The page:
Who are the people you trust enough to play new music to?

The first person is my co-producer Devon Bate, who is also the guitarist in my band. We work side by side. Before we write anything, we sit down and he has his notebook. I will perform the song acoustically and he will listen and feed back to me and if there are any edits to make he will also make suggestions on that. With Devon I really trust his instincts and I also know I can reject the feedback that I want to. 

Your lyrics and melodies are so poignant, they really stick in the mind.

That’s definitely how I write most naturally. Often the music and the lyrics come together so they tend to be very rhythmic and lead you along melodically, so I'm sure that helps with it sticking in your head. I am self conscious of the fact that sometimes I write things in a very clear way, in a not too mysterious style. I put myself out there and sometimes I regret the way I go about my writing. I think I could go about that in a more sophisticated way but at the same time I think that helps with the sincerity of the message.

Your writing has inspired your internal monologue. Are you more self-aware of your thoughts and feeling as a result?

That’s been a part of me forever, sometimes to my detriment. Externalising how I am feeling helps diminish what I'm feeling, that's definitely been a kind of therapy.

Does the success of the music offer affirmation on a personal level?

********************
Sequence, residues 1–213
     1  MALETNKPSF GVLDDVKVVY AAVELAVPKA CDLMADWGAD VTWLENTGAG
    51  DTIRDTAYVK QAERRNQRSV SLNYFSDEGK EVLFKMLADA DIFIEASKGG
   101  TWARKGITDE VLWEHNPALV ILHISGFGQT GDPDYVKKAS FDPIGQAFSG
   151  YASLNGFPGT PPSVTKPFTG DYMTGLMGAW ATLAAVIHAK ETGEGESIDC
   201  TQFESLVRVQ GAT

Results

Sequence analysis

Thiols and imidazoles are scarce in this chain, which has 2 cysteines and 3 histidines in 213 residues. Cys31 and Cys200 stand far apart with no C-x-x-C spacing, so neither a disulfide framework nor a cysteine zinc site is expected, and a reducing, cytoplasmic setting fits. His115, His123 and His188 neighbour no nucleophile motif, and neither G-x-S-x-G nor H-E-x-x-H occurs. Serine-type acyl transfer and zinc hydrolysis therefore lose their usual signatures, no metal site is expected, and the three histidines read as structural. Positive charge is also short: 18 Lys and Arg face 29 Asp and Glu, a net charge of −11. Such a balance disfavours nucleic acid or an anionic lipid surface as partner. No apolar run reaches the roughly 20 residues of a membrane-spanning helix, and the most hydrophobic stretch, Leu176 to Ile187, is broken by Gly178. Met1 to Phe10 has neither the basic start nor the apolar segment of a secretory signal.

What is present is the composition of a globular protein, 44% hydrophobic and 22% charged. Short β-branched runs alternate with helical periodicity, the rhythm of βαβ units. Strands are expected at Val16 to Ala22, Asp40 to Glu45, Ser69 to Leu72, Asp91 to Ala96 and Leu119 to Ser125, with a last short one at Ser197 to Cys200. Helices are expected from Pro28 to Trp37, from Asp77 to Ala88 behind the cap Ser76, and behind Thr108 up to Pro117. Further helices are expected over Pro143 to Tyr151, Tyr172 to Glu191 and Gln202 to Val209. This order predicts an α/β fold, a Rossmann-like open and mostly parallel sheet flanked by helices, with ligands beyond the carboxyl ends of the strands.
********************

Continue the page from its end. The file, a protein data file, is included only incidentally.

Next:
It’s a healthy balance of what people think of the music and what I think of the music. The most important aspect of the music is that I listen to it and like it and feel well represented. Another big part of the affirmation for me comes from my peers and people I respect appreciating it or understanding it. That is equally important for me. It’s really hard to believe people sometimes when they say they like your music, no matter how sincere they might be.

Do you regularly check Twitter or read your reviews?

I think I’m pretty addicted to social media right now. I used to be a lot better than I am now. That's one of the things I'm struggling with at present. As an artist I am pushed to engage with it more than is healthy. It’s part of the world we live in right now, where artists need to have a social media presence if they want to establish their music. Each time that I have had a single come out has been a harder time for me, which is so wild because it should be such an exciting thing. 

Where are you excited to perform the music?

I really want to come to the UK. We are working on dates right now. I just got back from the States and I have more dates booked throughout November and coming up in December.

How will you choreograph performing the personal content of the album to a crowd?

That's the big challenge of the day right now. The live show is performed by a four piece band and it’s quite rock, which I find represents things pretty well especially because I don't have a lot of my own audiences at this point. It grabs attention at the right moments and then also allows space for the quieter moments. Right now I'm just trying to find the balance so that it’s not a different band, but I do think it’s interesting to show it with a different energy.